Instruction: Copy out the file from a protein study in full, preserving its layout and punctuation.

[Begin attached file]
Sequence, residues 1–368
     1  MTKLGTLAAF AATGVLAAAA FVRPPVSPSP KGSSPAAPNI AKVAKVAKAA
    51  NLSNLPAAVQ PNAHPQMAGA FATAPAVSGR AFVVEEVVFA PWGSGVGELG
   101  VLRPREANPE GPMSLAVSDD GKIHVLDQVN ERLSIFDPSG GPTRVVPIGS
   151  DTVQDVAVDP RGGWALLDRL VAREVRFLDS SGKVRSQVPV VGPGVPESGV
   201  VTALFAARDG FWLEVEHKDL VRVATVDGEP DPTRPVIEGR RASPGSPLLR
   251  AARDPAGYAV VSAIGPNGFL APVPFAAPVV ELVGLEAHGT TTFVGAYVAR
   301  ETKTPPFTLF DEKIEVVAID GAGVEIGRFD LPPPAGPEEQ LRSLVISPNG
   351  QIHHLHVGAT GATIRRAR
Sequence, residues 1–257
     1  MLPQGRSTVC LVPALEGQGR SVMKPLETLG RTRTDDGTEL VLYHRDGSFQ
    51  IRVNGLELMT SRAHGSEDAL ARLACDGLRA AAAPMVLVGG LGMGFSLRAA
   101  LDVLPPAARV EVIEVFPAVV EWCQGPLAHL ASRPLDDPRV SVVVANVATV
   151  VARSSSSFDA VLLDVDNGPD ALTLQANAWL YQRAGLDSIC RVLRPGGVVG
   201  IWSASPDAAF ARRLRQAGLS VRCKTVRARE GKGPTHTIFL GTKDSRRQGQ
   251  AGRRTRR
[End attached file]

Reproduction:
Sequence, residues 1–368
     1  MTKLGTLAAF AATGVLAAAA FVRPPVSPSP KGSSPAAPNI AKVAKVAKAA
    51  NLSNLPAAVQ PNAHPQMAGA FATAPAVSGR AFVVEEVVFA PWGSGVGELG
   101  VLRPREANPE GPMSLAVSDD GKIHVLDQVN ERLSIFDPSG GPTRVVPIGS
   151  DTVQDVAVDP RGGWALLDRL VAREVRFLDS SGKVRSQVPV VGPGVPESGV
   201  VTALFAARDG FWLEVEHKDL VRVATVDGEP DPTRPVIEGR RASPGSPLLR
   251  AARDPAGYAV VSAIGPNGFL APVPFAAPVV ELVGLEAHGT TTFVGAYVAR
   301  ETKTPPFTLF DEKIEVVAID GAGVEIGRFD LPPPAGPEEQ LRSLVISPNG
   351  QIHHLHVGAT GATIRRAR
Sequence, residues 1–257
     1  MLPQGRSTVC LVPALEGQGR SVMKPLETLG RTRTDDGTEL VLYHRDGSFQ
    51  IRVNGLELMT SRAHGSEDAL ARLACDGLRA AAAPMVLVGG LGMGFSLRAA
   101  LDVLPPAARV EVIEVFPAVV EWCQGPLAHL ASRPLDDPRV SVVVANVATV
   151  VARSSSSFDA VLLDVDNGPD ALTLQANAWL YQRAGLDSIC RVLRPGGVVG
   201  IWSASPDAAF ARRLRQAGLS VRCKTVRARE GKGPTHTIFL GTKDSRRQGQ
   251  AGRRTRR